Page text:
Sponsored by: Archaeological Institute of America
We are all sensing people, and the basic physical structure of our sensing organs has not changed for many thousands of years. But how did ancient humans perceive and experience sensory stimuli in their environment differently than we do today? Dr. Thomason sets out to explore this topic for the ancient Mesopotamians in particular. The history of the senses and explorations of sensory experiences in the ancient world have been increasingly the focus of scholarly research. Archaeologists, art historians and textual scholars have tried to recreate past sensory environments and experiences by using evidence from images, artifacts and ancient texts of all kinds. In this lecture, Dr. Thomason, a specialist in ancient Mesopotamian material culture, explores how ancient Mesopotamian perceptions of sensory experiences can be compared to our own modern ones, with sometimes surprising results.
Short bibliography and/or website on lecture topic:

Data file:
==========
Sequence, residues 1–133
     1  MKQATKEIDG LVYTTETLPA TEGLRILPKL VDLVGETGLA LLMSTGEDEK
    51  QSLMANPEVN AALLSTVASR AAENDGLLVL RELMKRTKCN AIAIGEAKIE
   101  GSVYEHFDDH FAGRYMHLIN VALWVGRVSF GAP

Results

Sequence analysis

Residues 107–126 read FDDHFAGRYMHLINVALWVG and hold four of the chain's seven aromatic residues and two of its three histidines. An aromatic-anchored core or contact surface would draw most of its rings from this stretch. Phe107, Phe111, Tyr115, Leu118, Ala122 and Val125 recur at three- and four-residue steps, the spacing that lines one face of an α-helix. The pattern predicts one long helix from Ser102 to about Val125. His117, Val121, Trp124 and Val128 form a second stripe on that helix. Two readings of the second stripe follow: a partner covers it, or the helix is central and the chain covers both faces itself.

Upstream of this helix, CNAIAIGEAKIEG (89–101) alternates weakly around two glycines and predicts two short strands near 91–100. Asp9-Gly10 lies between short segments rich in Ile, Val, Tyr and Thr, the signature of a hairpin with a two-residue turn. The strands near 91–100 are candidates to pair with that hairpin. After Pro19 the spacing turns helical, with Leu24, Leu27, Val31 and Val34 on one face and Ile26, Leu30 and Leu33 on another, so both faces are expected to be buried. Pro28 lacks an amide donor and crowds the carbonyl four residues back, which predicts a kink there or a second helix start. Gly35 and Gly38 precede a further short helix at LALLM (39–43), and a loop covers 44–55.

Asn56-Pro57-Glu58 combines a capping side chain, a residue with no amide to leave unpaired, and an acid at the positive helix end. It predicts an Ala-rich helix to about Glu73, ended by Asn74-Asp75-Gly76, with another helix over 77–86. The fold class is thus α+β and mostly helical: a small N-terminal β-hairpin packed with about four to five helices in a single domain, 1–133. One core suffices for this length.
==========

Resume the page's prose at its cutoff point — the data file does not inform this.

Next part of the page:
Thomason, Allison. 2016. “The Sense-scapes of Neo-Assyrian Capital Cities: Royal Authority and Bodily Experience.” Cambridge Archaeological Journal 26/2: 243-64.
Forthcoming book: Thomason and Kiersten Neumann, eds. Handbook of the Senses in the Ancient Near East. Routledge/Taylor and Francis, expected 2020.
For further reading:
Howes, David and Constance Classen. 2014. Ways of Sensing: Understanding the Senses in Society. London and New York: Routledge.
Hamilakis, Yannis. 2013. Archaeology and the Senses: Human Experience, Memory and Affect. Cambridge, UK: Cambridge University Press.
Reception to follow
Co-sponsored by the Human Arts Series and the History Program